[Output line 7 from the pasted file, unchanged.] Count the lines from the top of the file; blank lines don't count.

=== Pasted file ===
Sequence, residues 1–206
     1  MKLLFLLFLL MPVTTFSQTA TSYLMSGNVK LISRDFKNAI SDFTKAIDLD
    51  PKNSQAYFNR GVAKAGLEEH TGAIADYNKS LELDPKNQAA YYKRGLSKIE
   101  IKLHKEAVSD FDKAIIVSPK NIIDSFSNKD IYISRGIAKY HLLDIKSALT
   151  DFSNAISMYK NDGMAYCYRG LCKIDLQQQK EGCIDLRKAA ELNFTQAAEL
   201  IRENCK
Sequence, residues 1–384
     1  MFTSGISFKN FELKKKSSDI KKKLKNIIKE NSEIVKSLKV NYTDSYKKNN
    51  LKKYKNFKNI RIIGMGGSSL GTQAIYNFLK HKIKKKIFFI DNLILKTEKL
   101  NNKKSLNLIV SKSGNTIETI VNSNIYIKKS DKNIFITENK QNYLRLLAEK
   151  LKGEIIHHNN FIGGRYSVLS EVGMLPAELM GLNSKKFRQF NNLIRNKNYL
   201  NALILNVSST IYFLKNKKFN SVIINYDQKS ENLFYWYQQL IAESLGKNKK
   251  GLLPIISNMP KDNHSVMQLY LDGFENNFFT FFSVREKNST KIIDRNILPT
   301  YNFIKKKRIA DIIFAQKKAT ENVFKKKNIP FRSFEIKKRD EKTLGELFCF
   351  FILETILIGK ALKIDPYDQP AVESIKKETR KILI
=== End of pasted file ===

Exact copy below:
Sequence, residues 1–384